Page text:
What to do in Copenhagen: The Blue Planet Aquarium

Surely up there in our Copenhagen top ten, especially if you are travelling with kids, is the Blue Planet Aquarium (Den Blå Planet).

Easily reached by metro (it’s an easy 10 minute walk from Kastrup metro station, follow the blue metal sculptures marking the way), or using the free shuttle bus from the city centre, this wonderful aquarium will easily fill half a day or more, and is a great activity if the weather is a bit iffy (or downright freezing), although you may not get to enjoy the outdoor area to full effect.

Even the exterior is stunning (well this is Denmark, after all), especially when the sliver coloured wave-formations pop against a perfect azure sky.

Open every day except Christmas Day, it can get uncomfortably busy at peak times, but if you pre-book your tickets, or have a Copenhagen Card, you can use the fast-track entrance and beat the queues on busy days.

From a central hub, the ground floor is divided into three main zones. There is also an excellent cafe, a ‘lunch room’ with tables and benches where you are more than welcome to bring your own food to eat, and an area for outdoor gear and lockers (which take small suitcases – many use this as a final stop on their trip as it is one stop on the metro before the airport). There’s also the obligatory gift shop, of course, before the exit. Upstairs is a less-crowded area with changing exhibits.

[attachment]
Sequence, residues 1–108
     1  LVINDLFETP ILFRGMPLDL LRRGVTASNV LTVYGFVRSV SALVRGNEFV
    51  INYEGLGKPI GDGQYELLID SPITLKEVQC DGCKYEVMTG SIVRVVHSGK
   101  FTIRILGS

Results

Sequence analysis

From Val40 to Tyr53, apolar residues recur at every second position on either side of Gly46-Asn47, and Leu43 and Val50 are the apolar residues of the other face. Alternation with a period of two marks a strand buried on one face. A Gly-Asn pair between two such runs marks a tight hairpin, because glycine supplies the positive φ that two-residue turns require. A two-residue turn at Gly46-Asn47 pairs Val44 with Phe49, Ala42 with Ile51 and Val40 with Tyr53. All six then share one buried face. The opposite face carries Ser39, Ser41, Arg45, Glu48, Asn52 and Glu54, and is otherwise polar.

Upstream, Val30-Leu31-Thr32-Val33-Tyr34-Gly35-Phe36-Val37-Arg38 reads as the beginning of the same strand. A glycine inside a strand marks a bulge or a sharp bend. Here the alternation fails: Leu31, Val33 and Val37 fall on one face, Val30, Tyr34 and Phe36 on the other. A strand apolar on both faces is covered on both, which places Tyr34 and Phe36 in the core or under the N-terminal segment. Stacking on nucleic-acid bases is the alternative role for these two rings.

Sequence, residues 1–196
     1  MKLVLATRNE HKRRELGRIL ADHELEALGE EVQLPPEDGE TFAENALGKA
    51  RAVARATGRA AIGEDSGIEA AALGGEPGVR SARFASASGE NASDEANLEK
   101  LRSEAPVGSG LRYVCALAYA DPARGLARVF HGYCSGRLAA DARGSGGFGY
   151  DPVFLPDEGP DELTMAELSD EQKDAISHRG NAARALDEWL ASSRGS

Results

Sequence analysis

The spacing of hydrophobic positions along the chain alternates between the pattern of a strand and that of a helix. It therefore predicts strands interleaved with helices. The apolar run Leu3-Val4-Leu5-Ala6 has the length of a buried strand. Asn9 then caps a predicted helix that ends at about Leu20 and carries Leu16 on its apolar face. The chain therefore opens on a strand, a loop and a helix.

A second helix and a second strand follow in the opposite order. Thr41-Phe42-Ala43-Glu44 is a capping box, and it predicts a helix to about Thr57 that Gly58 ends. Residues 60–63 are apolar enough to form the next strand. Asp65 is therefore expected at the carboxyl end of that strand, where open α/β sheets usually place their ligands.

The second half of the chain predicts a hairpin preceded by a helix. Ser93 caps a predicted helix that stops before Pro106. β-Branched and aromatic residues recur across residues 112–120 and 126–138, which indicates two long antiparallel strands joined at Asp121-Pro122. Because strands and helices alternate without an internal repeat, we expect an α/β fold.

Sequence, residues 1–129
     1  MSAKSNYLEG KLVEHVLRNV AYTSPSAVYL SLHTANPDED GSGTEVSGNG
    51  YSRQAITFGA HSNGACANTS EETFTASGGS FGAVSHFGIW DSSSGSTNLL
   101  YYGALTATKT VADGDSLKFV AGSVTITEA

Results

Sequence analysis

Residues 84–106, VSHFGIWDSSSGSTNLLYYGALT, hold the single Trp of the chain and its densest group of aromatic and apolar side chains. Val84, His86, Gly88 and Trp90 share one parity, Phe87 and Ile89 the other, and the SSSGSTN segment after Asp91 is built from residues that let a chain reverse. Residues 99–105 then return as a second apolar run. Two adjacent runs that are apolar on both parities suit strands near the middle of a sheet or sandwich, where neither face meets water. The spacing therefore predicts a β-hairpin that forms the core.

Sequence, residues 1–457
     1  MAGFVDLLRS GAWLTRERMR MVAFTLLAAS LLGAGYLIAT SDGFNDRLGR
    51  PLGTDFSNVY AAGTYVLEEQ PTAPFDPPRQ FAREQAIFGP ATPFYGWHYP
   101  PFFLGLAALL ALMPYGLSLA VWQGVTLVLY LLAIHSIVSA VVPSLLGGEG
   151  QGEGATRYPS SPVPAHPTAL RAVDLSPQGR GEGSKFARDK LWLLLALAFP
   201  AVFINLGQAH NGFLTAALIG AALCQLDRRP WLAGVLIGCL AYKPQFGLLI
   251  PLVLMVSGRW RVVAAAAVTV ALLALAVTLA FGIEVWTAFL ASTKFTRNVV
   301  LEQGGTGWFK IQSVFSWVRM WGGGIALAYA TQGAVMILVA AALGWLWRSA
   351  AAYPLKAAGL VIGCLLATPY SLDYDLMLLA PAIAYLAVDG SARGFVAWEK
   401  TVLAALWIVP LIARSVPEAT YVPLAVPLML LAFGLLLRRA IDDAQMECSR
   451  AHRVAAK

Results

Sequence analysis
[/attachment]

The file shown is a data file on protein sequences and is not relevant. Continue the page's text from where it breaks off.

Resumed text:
Outside there is plenty of additional seating, the sea otter enclosure (check the info board to see when it is feeding time – say hi to Agnes and Mojoe from us if you visit), a fantastic playground (natch), which includes water channels and metal chutes and winches for moving the water about, plus a pool that offers pond dipping activities in season.

We have used our season tickets more times than I can think, and the children never seem to tire of the place. The showstopper is the enormous ‘deep sea’ tank and tunnel, where sharks and rays whip above your head, but the coral reef and rainforest areas are also excellent, as is the ‘hands on’ section where kids can get their hands wet and poke about in tanks.

 

There are usually several other hands on activities, including an interactive ‘cooking’ station that educates children (and curious adults) about the benefits of eating more fish.

Ecological concerns are included too, with a section examining plastic pollution of our seas.

Throughout the day there are various activities, so do check the timetable, they usually include otter feeding, shark feeding, handling of creepy crawlies in the rainforest area, and dissections (for example, squid) – maybe give that a miss if you are squeamish. Danes are definitely not!

 

emmacthomas

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